Summary: VAT grouping provides administrative savings for business and creates an advantage for businesses that make exempt supplies. This is because, without VAT grouping, they would incur VAT on purchases from closely-linked entities but may be unable to recover this as input tax.

Currently, the UK VAT grouping legislation allows two or more bodies corporate (including LLPs) to register as a VAT group if each body is established in the UK and they are under common control. The Finance Bill introduces amendments which allow individuals and partnerships, subject to certain conditions, to join a VAT group.

The proposals

In 2015, the CJEU decisions in Larentia + Minerva and Marenave (C-108/14 and C-109/14) made it clear that a Member State may not restrict VAT grouping to those entities which have legal personality, unless it is justified by the prevention of abusive practices, tax evasion or avoidance.

Accordingly, the government is now extending grouping eligibility beyond  corporates to allow non-corporate entities (e.g. partnerships or individuals) to join a VAT group with its corporate subsidiaries if it controls all of the members in a VAT group.

In more detail: the measure will widen the eligibility criteria for VAT grouping to include non-corporate entities which have a UK business establishment and control a body corporate. In determining whether there is a business establishment in the UK, the test for business establishment for place of supply should be used. The non-corporate entity must also demonstrate that it controls all of its corporate subsidiaries.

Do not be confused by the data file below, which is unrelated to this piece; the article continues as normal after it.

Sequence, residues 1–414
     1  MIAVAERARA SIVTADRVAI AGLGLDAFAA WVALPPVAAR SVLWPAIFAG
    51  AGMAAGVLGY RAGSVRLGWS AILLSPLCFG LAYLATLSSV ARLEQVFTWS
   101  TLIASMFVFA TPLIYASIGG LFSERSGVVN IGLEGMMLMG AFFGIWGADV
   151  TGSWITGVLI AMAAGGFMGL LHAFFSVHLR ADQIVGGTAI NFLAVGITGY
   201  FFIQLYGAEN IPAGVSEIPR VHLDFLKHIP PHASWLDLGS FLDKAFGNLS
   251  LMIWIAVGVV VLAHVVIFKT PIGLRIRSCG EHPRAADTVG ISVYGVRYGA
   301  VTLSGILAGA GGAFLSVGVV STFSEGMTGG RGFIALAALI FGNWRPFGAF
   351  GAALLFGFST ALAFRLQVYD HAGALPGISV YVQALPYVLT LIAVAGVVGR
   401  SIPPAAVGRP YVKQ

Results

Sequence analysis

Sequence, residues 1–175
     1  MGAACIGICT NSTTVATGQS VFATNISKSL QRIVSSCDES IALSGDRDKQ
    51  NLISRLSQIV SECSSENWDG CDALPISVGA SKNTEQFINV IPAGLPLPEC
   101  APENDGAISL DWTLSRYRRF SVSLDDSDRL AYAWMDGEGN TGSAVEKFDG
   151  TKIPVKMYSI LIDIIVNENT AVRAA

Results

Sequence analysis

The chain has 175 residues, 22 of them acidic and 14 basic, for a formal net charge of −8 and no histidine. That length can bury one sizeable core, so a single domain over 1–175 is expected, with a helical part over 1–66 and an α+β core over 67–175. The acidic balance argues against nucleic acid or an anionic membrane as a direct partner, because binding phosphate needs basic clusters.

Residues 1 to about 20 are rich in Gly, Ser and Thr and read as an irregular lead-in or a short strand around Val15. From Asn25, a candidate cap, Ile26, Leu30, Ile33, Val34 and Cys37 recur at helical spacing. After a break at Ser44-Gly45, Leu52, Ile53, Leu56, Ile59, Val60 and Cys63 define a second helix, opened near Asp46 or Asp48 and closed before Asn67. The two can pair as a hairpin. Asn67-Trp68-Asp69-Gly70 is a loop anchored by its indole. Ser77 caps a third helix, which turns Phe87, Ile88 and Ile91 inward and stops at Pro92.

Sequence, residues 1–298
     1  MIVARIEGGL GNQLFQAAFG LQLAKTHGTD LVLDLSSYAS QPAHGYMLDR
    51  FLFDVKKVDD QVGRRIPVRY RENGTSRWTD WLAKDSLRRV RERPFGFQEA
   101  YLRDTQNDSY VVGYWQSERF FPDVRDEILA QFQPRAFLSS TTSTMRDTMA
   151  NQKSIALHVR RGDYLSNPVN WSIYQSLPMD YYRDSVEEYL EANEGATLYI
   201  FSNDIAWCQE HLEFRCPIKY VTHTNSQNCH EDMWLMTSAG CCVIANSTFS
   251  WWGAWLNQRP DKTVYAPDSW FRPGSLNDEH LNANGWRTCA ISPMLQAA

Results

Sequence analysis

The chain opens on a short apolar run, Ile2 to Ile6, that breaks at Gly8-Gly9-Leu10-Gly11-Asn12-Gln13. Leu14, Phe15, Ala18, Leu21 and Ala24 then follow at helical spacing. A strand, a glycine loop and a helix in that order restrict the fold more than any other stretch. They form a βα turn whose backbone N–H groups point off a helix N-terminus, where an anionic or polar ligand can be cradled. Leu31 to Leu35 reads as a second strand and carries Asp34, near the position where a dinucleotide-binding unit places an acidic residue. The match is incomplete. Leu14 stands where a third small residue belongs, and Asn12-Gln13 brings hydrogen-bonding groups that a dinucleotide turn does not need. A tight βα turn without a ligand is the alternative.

There are several oddities about the relevant clauses.  First, it is surprising that the Finance Bill does not simply remove the restriction that currently limits VAT grouping to corporates. That would certainly reflect the thinking of the CJEU in the cases mentioned above. Secondly, it is odd that the territoriality test is limited to business establishments, and does not also cover fixed establishments of individuals and partnerships.

On final point is that it remains to be seen whether, and if so how, the new rules will impact on limited partnerships, where HMRC’s long-standing policy is to VAT register the GP or GPs, and to effectively ignore the limited partners.